Despite the recent research progress, multiuser MEC designs still face several technical challenges. First, the computation resources at the MEC server and the communication resources at the AP should be shared among the actively-computing users. When the user number becomes large, the computation and communication resources allocated to each user are fundamentally limited, thus compromising the benefit of MEC. Next, due to the signal propagation loss over distances, far-apart users may spend much more communication resources than nearby users for offloading, which results in a near-far user fairness issue. Note that the 5G networks are expected to consist of massive wireless devices with certain computation and communication resources. Due to the burst nature of wireless traffic, each active device is highly likely to be surrounded by some idle devices with unused or additional resources. As such, in this paper we propose a novel joint computation and communication cooperation approach in multiuser MEC systems, such that the nearby users are enabled as helpers to share their computation and communication resources to help actively-computing users, thereby improve the MEC computation performance.

In this paper, we consider a basic three-node MEC system with user cooperation, which consists of a user node, a helper node, and an AP node attached with an MEC server. Here, the helper node can be an IoT sensor, a smart phone, or a laptop, which is nearby and has certain computation and communication resources.111In general, the computation capability of the helper should be comparable or stronger than that of the user in order for the computation cooperation to be feasible. We focus on the user’s latency-constrained computation within a given time block. To implement the joint computation and communication cooperation, the block is divided into four time slots. Specifically, in the first slot, the user offloads some computation tasks to the helper for remote execution. In the second and third slots, the helper acts as a decode-and-forward (DF) relay to help the user offload some other computation tasks to the AP, for remote execution at the MEC server in the fourth slot. Under this setup, we pursue an energy-efficient user cooperation MEC design for both the partial and binary offloading cases, by jointly optimizing the computation and communication resource allocations. The main results of this paper are summarized as follows.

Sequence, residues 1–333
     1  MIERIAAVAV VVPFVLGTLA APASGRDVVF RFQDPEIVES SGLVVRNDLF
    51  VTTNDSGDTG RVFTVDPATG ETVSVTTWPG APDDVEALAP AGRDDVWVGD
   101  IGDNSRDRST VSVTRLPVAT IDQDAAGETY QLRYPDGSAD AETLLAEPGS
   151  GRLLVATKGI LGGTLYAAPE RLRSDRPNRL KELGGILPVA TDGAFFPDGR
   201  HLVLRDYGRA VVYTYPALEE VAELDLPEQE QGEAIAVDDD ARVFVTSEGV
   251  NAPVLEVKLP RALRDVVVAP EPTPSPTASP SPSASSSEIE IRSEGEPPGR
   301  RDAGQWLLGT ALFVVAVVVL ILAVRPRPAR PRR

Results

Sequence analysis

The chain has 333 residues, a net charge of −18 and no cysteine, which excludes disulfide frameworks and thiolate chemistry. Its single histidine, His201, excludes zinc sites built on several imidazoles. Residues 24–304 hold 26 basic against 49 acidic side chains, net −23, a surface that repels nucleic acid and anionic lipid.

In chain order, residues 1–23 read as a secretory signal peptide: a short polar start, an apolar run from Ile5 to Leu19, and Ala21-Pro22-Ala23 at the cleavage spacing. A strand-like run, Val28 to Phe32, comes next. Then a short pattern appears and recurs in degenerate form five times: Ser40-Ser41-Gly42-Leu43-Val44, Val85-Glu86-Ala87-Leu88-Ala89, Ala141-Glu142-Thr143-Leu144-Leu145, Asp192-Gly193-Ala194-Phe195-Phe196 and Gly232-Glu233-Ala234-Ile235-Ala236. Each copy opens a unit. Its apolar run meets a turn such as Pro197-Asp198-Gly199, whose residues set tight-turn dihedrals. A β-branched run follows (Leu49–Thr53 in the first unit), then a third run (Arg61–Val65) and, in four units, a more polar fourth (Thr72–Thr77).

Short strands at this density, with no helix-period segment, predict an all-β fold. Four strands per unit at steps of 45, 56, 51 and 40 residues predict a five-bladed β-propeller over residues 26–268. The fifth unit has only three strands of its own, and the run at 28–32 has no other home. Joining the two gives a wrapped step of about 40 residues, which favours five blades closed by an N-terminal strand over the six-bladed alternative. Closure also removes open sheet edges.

• First, for the partial offloading case, the user’s computation tasks are partitioned into three parts for local computation, offloading to helper, and offloading to AP, respectively. Towards minimizing the total energy consumption at both the user and the helper subject to the user’s computation latency constraint, we jointly optimize the task partition of the user, the central process unit (CPU) frequencies for local computing at both the user and the helper, as well as the time and transmit power allocations for offloading. The non-convex problem of interests in general can be reformulated into a convex one. Leveraging the Lagrange duality method, we obtain the globally optimal solution in a semi-closed form.

  • Next, for the binary offloading case, the user should execute the non-partitionable computation tasks by choosing one among three computation modes, i.e., the local computing at the user, computation cooperation (offloading to the helper), and communication cooperation (offloading to the AP). Solving the resultant latency-constrained energy minimization problem, we develop an efficient optimal algorithm, by firstly choosing the computation mode and then optimizing the corresponding joint computation and communication resources allocation.

  • Finally, extensive numerical results show that the proposed joint computation and communication cooperation approach achieves significant performance gains in terms of both the computation capacity and the system energy efficiency, compared with other benchmark schemes without such a joint design.